A Slice of History

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The Donington Historic Festival in a few short years has become one of the highlights of the classic motor sport calendar. The eighth edition held a few weeks back reinforced this reputation.

Unusually for the May Bank Holiday here in the UK, the weather decided to play ball, indeed record temperatures were the order of the day rather than umbrellas.

 

A quarter of a century has passed since Ayrton Senna produced magic on the opening lap of the European Grand Prix at this very track. As a salute to this historic moment there were several displays of Grand Prix racers.

Formula 5000 was also popular with the big crowd, as were the new catering and ‘restroom’ facilities. We were fortunate enough to have our own pole position man, Simon Hildrew, firing on all cylinders, marvel at his work………..

John Brooks, May 2018

The House that Frank Built

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This week I had both an AGM and a Committee meeting for the Guild of Motoring Writers, the location for these affairs was the HQ of Williams F1. A very impressive complex located at Grove near Abingdon housing one of the great Formula One teams of the modern era.

Employing over 1,000 people on site, Williams Grand Prix Engineering has grown enormously from the virtual cottage industry set up by Frank Williams and Patrick Head over 40 years ago.

One of the major attractions for visitors is a chance to stroll down Memory Lane and see the fantastic collection of Grand Prix racers from the past four decades.

In addition to the single seaters, my attention was drawn to the BMW V12 LMR that triumphed at Le Mans in 1999. Memories, memories………………

John Brooks, May 2018

Classical Times

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The Silverstone Classic is the largest historic motoring festival on the planet………..every aspect of the car is covered somewhere in Silverstone’s flat fields. Motor racing, car clubs, automobilia, anniversaries, music, food, and, most importantly, people are the elements that combine to make the Classic a celebration of one of the most liberating elements of 20th Century life.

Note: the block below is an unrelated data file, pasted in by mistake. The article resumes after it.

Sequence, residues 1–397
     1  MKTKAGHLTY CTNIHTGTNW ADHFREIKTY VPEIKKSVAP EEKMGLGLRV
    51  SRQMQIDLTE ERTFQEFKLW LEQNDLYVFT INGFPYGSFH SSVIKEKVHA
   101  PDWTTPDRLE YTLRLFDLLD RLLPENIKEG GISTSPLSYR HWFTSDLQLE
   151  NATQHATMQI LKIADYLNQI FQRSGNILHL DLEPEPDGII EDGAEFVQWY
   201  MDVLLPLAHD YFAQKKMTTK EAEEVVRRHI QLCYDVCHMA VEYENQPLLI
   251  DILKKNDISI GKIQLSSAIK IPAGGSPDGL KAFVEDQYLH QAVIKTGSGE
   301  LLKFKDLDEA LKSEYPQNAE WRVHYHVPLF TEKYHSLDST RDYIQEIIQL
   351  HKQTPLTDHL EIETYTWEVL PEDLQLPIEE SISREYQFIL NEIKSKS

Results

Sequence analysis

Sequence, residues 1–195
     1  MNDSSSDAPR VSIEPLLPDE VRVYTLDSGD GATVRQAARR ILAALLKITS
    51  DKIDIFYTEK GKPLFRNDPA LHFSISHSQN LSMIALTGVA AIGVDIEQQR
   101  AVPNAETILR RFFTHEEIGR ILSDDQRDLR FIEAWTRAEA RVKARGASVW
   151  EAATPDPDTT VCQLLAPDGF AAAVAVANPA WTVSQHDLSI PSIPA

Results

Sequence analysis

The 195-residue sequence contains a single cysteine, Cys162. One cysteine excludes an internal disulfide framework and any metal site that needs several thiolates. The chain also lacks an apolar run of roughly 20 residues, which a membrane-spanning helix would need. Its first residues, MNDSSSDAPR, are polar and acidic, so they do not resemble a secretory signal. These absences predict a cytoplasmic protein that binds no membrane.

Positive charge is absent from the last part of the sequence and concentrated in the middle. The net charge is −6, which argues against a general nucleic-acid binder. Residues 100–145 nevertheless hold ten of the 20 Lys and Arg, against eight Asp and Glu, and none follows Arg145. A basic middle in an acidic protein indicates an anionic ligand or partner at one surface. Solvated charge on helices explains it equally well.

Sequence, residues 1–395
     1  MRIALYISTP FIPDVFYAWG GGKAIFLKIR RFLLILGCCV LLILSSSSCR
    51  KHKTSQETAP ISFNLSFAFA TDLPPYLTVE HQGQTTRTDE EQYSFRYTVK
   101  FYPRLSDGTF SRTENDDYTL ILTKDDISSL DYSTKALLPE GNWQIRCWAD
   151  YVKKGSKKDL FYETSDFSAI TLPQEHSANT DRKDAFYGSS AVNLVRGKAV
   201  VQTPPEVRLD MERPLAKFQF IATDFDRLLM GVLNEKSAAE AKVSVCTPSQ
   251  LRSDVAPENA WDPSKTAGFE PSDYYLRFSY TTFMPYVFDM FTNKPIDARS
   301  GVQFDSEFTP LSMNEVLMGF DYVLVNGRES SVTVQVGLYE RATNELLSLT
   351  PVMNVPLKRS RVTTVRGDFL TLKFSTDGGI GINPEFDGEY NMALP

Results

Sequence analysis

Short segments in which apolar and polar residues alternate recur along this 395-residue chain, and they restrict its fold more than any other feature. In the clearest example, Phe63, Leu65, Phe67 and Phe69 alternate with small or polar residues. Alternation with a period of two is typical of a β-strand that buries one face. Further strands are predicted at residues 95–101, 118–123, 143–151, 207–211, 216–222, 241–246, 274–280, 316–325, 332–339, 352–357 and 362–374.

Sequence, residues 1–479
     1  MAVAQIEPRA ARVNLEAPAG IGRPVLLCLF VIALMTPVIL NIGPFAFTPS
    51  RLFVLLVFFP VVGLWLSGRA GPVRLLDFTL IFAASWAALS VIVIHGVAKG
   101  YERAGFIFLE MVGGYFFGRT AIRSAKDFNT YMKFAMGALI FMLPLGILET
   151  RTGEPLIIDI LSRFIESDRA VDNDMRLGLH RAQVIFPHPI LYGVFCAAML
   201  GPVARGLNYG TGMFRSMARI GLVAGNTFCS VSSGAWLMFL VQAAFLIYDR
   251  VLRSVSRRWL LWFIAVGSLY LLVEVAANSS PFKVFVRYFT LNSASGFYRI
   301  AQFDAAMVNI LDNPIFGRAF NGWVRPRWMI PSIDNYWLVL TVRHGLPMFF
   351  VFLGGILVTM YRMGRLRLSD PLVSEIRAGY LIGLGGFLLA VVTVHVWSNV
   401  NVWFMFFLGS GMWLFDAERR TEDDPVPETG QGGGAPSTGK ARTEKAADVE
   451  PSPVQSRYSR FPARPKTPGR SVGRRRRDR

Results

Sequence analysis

If there has been one issue that I have had with this festival in recent years it is the annual clash with the Spa 24 Hours. For 2018 they are on consecutive weekends, so I get to go to both ‘must-dos’. Woo Hoo!

There will be a new attraction in this year’s line up with Group C making way for its younger sibling Masters Endurance Legends featuring sportscars and GTs from the 1995 to 2012 period. The theme for this race will be a salute to the Daytona 24 Hours, with special appearances from former participants.

The Silverstone Classic is one of the great motoring events on the calendar so pop along if you can, there will be something to for you to treasure. Details can be found HERE

In the meantime I can recommend viewing Simon Hildrew’s excellent gallery from the 2017 event………..I anticipate more magic from him this year.

John Brooks May 2018

The Banks of Paris

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One of the few drawbacks of running a site such as DDC is that there are never enough hours in the day, something has to give and usually it is my good intention to post a piece.

OK I am going to plough through the archives in the next few weeks to try and clear out the backlog………….we’ll see how long this impulse last is what I hear you say. Let’s make a start…………..

Montlhéry to the South-West of Paris is these days a place to look back at the rich history of the car. Various events are organised through the year, mainly with a very French taste, all the better for that rich cuisine.

So in late September there will be the fourth edition of Les Grandes Heures Automobile, currently a secret except those truly in the know. However I would suggest that a visit would be most enjoyable for those who enjoy all aspects of motoring, particularly involving competition.